‘Go and have your fights elsewhere! Kelly, you’ve only been back five minutes.’ She was the easier target because she never answered back, unlike Nikki, who poured honey-coated untruths into their mother’s ear.
‘Calm down, Mum. I’ll go and make you a cup of tea,’ Nikki soothed. 

Kelly rolled her eyes. ‘Like I said, Mum, I’m sorry I made you worry.’ She went to her mother and hugged her, and all was forgiven, though no doubt Nikki would stay a while after Kelly left to highlight her errant ways in her absence. Kelly had stopped caring what her sister thought years ago. 

She went upstairs heavily, closing her bedroom door behind her, wanting to slam it. She undressed, opened her wardrobe and sighed. She disliked work clothes: they made her feel awkward. She preferred her running gear, or just jeans and a jumper. She pulled on some tights and already imagined taking them off again after another day trussed up like a turkey. She fastened her skirt and tucked in her blouse, feeling like it was her first day at school, when her dad had taught her to do a tie properly on her own for the first time. ‘It’s too tight!’ she’d complained. Her top button never stayed fastened for long. 

She checked her make-up in the mirror. It was true, Nikki did wear too much. She looked trashy, like the friends she hung out with, all getting together and moaning about everything and nothing. Kelly reckoned that if Nikki ran out of things to whinge about, she’d write a letter to the council, and eventually the Queen. It baffled her that they were sisters. Nikki’s wet dream would be to meet Robbie Williams; Kelly’s was to do the Four Peaks Challenge in under twenty-four hours. Nikki wore five-inch heels even when she was giving birth; Kelly still wore the same trainers she’d had in uni. Nikki read Danielle Steele; Kelly read John Grisham. Nikki drove a Fiat; Kelly drove a BMW convertible.

It irritated Kelly that her mother had become primary carer for Nikki’s kids. It irked her too that Nikki was advising Mum what to do with the money from Dad’s life insurance, and that included taking her and her kids to Ibiza for two weeks. Even something as apparently insignificant as Nikki strutting around in a designer tracksuit at the age of thirty-nine got under Kelly’s skin, and already the pleasure of the morning was ebbing away. 

At least when Dad was around, things were more even. Two against two. Mum wasn’t used to making decisions and taking responsibility, and it made her open to suggestion. Kelly had persuaded her to put what was left of the money into a bank account, and arranged an appointment with an adviser to discuss how to invest it and make it pay, rather than just spending it all. That had caused another row, or more accurately, a series of insults hurled across the room until Kelly left to go for a run. It didn’t really matter what she did or said: she was the outsider now, and therefore easy to blame.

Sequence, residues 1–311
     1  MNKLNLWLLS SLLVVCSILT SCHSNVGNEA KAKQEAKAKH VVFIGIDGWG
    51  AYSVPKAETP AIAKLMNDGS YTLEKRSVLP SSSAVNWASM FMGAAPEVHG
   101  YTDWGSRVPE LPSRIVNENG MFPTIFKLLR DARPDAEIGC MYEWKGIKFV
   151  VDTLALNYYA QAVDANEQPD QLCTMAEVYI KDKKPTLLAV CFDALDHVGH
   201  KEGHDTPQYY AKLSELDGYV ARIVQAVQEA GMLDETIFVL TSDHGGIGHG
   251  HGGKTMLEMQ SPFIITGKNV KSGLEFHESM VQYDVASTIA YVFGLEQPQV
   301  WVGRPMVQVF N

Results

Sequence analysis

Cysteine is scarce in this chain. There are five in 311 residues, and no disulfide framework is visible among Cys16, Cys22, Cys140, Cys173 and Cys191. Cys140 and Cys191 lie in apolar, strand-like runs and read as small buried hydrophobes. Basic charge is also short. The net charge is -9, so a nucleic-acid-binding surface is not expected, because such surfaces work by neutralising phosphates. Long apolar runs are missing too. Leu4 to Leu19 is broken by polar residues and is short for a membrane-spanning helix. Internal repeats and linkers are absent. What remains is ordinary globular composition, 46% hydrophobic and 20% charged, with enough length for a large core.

She needed to move out to avoid Nikki, but if she did, she would leave Mum exposed and lonely. Her mother had lost the sparkle in her eyes, and she rarely went out other than to shop or take her grandchildren to the park. Since her return, Kelly had forced her to go out. They’d been for coffee and browsed the shops together in Ambleside looking for new walking gear for Kelly; they’d been to the cinema; they’d cooked together, something Mum had forgotten she enjoyed. In three short weeks, they’d created an existence. That all changed when Nikki was around, but there was very little Kelly could do about it. Nikki had been here for Mum when Kelly hadn’t, and her mother wasn’t a child; she had to make her own decisions. There was only so much protection and distraction a daughter could provide. It wasn’t Kelly’s home anymore; she was a lodger with no privacy. Nikki could waltz in at any moment and it made her gasp for air.

She went back downstairs and walked over to her mum, ignoring her sister. ‘I’m sorry, Mum. I’ll let you know what time I’ll be home later, I promise,’ she said.
‘I’m making you a honey waffle, Mum,’ shouted Nikki, prancing towards the kitchen. Kelly sighed and left the house. 

For a debut novel, I was more than impressed. Well thought out and ultimately thrilling. The story starts off at a good pace and continues to make the reader turn the pages. I think partly because of the storyline itself and partly because of the people included in the story. 

The characters created work well, described in a way that I could clearly imagine each one as I progressed through the novel. As the cases seemed to cross paths, even though there was a lot going on, I could easily follow where those paths were leading. I am no police expert but I think the language used and the way activity was presented made what was happening fully believable, something that could easily occur in real life.

Anyone who is a fan of the crime genre will find great enjoyment reading Dark Game. Rachel Lynch has written something highly gripping and suspenseful. You'll find yourself constantly questioning how cases which at first glance seem nothing like one another can suddenly run parallel. The question I found myself asking was not who but how.

If you like the sound of this book you can follow the rest of the book tour for more book reviews, Q&As, extracts and even a couple of giveaways. I'll leave you now with a link to purchase Dark Game for yourself.


  1. This sounds right up my street! I'll have to look out for this one, thanks.

  2. I really like the sound of this book. Your review really makes me want to read it, you don't generally think of The Lake District as being a hotbed of crime!!


  3. This is my kind of book. I'll be on the lookout for it :)

  4. Definitely sounds like one to add to my ever-growing wish list

  5. Sounds like an interesting read, I'm intrigued about what will happen #readwithme